Rule 12(b)(6) allows a defendant to move to dismiss a complaint that has fails to "state a claim upon which relief can be granted." Fed.R.Civ.P. 12(b)(6). When deciding a motion to dismiss under Rule 12(b)(6), the court accepts as true all factual allegations in the complaint and draws all inferences in favor of the plaintiff. Bielanski v. County of Kane, 550 F.3d 632, 633 (7th Cir. 2008). The complaint must contain a "short and plain statement of the claim showing that the pleader is entitled to relief." Fed.R.Civ.P. 8(a)(2). In Bell Atlantic Corp. v. Twombly, the Supreme Court explained that the complaint must allege facts that are "enough to raise a right to relief above the speculative level." Twombly, 550 U.S. 544, 555, 127 S.Ct. 1955, 167 L.Ed.2d 929 (2007). Stated differently, the complaint must include "enough facts to state a claim to relief that is plausible on its face." Hecker v. Deere & Co., 556 F.3d 575, 580 (7th Cir. 2009) (internal citation and quotation marks omitted). To be facially plausible, the complaint must allow "the court to draw the reasonable inference that the defendant is liable for the misconduct alleged." Ashcroft v. Iqbal, 556 U.S. 662, 678, 129 S.Ct. 1937, 173 L.Ed.2d 868 (2009) (citing Twombly, 550 U.S. at 556).


         There are two things about the pending motion to dismiss that are obvious from the outset. First, Cavender's complaint is woefully insufficient under the Rule 12(b)(6) pleading standard and dismissal is warranted. That said, Medtronic's motion jumps the gun a bit given that it raises substantive legal defensives (some possibly dispositive) to claims that may not even exist in Cavender's complaint. Some of the issues raised by Medtronic are better suited for presentation in a motion for summary judgment, but that can't happen until Cavender cleans up her complaint enough that the precise causes of action she is asserting-and the facts on which those claims are based-are clear. The court cannot resolve many of the substantive defenses raised by Medtronic at this point since Cavender's complaint, as it stands now, fails to state a valid claim in the first place. The path forward for this case is for Cavender's claims to be dismissed, for her to file an amended complaint, and for Medtronic to be in a position to file an answer to the complaint. All of that said, the court will address the legal arguments presented in the motion to dismiss, even though most of them cannot be resolved at this point, in order to provide what the court hopes will be a framework for streamlining the presentation of Cavender's claims, whatever they may be, and Medtronic's defenses.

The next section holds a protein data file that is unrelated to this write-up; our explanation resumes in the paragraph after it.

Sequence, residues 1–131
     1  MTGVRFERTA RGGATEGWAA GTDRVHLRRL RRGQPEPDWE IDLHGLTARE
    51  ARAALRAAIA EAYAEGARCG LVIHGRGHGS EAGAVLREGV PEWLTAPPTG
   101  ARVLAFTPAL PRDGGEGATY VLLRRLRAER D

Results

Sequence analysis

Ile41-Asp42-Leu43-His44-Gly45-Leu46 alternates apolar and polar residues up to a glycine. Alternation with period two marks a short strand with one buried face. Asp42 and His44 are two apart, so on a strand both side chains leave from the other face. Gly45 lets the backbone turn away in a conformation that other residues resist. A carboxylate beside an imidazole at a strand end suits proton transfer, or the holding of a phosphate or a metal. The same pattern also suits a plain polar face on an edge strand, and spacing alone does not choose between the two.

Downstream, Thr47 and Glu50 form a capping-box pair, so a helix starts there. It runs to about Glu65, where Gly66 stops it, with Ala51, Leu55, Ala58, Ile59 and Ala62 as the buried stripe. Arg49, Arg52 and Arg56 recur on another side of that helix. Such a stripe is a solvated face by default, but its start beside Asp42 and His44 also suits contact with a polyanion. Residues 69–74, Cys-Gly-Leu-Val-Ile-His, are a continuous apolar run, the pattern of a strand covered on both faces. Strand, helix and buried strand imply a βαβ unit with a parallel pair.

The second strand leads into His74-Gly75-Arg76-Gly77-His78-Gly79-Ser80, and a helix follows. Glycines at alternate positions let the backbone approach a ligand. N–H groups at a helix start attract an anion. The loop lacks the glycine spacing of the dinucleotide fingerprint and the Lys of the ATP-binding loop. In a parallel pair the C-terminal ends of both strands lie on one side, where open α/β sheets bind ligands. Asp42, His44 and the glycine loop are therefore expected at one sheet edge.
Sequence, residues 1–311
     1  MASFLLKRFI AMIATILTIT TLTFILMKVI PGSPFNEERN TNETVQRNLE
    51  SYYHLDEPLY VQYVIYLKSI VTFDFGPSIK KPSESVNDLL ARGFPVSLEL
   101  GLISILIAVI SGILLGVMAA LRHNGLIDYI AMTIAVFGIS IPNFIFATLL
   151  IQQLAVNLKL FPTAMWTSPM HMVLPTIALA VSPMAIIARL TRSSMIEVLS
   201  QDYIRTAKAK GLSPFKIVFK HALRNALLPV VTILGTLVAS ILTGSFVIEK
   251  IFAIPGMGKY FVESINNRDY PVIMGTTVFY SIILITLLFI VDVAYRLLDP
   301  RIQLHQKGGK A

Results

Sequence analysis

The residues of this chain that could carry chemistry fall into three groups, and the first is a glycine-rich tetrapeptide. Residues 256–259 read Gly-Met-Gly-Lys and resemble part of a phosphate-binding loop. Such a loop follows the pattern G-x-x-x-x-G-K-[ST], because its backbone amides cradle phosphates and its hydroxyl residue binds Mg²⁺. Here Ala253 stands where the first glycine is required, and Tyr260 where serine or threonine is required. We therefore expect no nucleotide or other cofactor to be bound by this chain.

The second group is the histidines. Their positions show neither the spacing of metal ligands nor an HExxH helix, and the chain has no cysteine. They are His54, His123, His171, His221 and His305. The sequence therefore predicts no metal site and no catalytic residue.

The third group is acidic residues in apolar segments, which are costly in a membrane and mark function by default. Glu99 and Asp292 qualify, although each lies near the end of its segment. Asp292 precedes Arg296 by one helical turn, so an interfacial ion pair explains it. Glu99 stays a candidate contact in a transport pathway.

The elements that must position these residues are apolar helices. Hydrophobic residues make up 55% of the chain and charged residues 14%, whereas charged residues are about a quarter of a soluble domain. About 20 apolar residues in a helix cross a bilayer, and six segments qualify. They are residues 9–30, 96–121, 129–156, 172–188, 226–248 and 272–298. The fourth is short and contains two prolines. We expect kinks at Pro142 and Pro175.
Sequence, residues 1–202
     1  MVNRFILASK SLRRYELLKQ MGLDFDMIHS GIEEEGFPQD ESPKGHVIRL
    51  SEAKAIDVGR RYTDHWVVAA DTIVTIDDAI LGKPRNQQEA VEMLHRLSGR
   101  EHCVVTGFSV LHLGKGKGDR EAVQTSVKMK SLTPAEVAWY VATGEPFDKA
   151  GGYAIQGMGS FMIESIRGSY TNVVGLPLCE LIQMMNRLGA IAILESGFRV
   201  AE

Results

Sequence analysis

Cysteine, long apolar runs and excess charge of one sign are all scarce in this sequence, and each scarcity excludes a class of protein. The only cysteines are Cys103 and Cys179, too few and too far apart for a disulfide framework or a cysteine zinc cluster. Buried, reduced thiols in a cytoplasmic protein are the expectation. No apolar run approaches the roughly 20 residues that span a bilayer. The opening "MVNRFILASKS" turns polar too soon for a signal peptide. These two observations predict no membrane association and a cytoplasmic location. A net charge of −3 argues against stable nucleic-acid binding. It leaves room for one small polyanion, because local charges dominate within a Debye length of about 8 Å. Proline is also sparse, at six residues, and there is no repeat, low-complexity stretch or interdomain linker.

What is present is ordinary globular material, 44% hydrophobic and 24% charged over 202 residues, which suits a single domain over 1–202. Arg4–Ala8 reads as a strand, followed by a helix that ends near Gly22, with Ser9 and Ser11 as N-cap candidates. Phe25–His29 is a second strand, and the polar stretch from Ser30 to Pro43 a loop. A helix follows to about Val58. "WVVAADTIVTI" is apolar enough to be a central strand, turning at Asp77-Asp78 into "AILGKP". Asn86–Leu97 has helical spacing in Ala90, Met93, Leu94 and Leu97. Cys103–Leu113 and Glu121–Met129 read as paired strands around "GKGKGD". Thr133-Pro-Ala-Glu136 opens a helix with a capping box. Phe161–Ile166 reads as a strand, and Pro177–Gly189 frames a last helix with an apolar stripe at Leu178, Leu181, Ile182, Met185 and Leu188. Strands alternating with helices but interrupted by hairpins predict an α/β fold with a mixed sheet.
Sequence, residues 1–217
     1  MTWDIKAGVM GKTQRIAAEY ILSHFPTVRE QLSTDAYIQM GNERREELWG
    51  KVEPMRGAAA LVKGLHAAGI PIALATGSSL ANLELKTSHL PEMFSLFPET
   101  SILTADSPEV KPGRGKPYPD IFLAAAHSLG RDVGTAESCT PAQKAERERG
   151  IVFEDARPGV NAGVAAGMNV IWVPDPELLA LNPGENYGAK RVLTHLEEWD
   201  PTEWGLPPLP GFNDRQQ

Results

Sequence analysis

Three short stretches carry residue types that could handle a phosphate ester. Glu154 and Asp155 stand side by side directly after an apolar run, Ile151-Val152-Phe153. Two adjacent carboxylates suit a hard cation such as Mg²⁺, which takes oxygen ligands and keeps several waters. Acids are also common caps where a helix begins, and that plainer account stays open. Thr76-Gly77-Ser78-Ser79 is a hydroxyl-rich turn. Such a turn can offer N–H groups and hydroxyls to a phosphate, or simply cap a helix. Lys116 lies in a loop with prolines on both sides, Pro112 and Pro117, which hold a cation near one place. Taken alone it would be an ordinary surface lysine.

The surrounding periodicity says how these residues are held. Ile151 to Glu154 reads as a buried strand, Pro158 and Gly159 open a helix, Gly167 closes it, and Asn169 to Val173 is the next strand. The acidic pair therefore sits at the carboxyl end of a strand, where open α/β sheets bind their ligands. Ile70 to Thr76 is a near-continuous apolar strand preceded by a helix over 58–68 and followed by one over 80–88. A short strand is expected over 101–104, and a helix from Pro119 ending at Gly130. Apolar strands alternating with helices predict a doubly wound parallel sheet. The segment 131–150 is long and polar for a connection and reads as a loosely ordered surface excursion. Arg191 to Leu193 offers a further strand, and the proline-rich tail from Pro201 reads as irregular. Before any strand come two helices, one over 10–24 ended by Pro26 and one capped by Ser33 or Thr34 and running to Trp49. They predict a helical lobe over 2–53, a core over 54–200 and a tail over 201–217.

Medtronic's arguments for dismissal are summarized in a few paragraphs in its memorandum. Medtronic begins by attacking the factual sufficiency of Cavender's complaint:

Plaintiffs complaint is only three pages and consists of two counts. Within the two counts, the complaint asserts a scattershot of common law causes of action, including strict liability based on a manufacturing defect, a design defect, and a failure to warn; breach of express and implied warranties; and negligence based on a manufacturing defect, a design defect, and a failure to warn. Despite these many causes of action, the complaint contains few if any factual allegations. There are, indeed, only three facts alleged in the entire complaint: (1) Medtronic designed, manufactured, and put the Defibrillator into the stream of commerce; (2) the Defibrillator supposedly "malfunctioned" in an unspecified way; [and] (3) . . . the Defibrillator "[severely] injured Plaintiff in some unspecified way.